After a harrowing April and May, the economy appears to be on a path to recovery. There were several positive pieces of economic news this week, both domestically and abroad.
First, a purchasing manager survey from IHS Markit found that output is picking up. Production still contracted, but at a slowing pace. IHS’s purchasing manager index for manufacturing was 49.6 for June, while its services index was 46.7. The composite index for the month was 46.8. A number below 50 indicates contraction, while anything above 50 indicates growth. June’s readings were the highest in four months.Output in Europe and Asia is also picking up.
Prices for raw materials, like oil, tin, and copper are gaining. Copper and tin prices improved by 15% each since the beginning of the second quarter. Notably, oil surpassed $40 per barrel after futures prices tumbled below zero in April. Commodities are particularly sensitive to changes in demand, so the gain in price suggests that consumption may be getting back on track. Last week, Commerce Department data showed retail sales rising by 18% in May, further confirmation that the economy is coming back to life.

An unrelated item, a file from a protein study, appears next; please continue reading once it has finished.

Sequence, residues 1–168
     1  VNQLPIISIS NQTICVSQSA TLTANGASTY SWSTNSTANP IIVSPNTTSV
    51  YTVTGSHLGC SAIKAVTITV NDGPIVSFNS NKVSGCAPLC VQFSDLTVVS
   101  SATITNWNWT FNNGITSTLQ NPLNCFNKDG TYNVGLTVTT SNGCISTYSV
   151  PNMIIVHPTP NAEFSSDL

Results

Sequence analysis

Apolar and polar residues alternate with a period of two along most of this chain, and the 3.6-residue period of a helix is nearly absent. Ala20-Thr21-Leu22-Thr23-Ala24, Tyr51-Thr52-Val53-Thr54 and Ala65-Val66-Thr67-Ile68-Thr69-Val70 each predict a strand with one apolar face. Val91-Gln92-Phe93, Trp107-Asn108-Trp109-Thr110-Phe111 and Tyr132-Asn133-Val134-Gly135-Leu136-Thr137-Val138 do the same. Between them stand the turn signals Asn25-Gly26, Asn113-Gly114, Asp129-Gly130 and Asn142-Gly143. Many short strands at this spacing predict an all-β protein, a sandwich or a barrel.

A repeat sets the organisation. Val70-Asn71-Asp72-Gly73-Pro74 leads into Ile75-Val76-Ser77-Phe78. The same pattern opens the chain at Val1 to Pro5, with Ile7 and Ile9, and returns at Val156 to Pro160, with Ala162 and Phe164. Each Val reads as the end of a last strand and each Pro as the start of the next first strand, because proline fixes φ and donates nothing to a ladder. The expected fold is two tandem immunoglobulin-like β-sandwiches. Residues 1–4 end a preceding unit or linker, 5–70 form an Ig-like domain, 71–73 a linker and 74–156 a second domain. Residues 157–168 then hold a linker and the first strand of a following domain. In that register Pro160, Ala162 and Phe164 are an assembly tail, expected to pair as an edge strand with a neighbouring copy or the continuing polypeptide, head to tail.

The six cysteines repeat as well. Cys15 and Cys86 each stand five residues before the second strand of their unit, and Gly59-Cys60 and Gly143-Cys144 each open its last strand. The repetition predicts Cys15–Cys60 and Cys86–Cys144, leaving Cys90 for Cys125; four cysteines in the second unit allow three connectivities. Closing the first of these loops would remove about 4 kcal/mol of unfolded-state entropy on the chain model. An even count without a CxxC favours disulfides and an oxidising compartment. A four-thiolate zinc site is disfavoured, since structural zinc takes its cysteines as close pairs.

Finally, the World Trade Organization announced this week that global trade will likely fall by 18.5% in the second quarter of 2020. On its face, that’s a pretty scary drop. It’s a vast improvement over the prediction the organization made in April. At the beginning of the second quarter, the WTO announced that global trade could fall by 13-32% in 2020. Now trade only has to grow by 2.5% for each of the two remaining quarters to reach the optimistic end of that prediction, the organization pointed out on Tuesday.
‘The fall in trade we are now seeing is historically large – in fact, it would be the steepest on record. But there is an important silver lining here: it could have been much worse,’ explained WTO director-general Roberto Azevedo.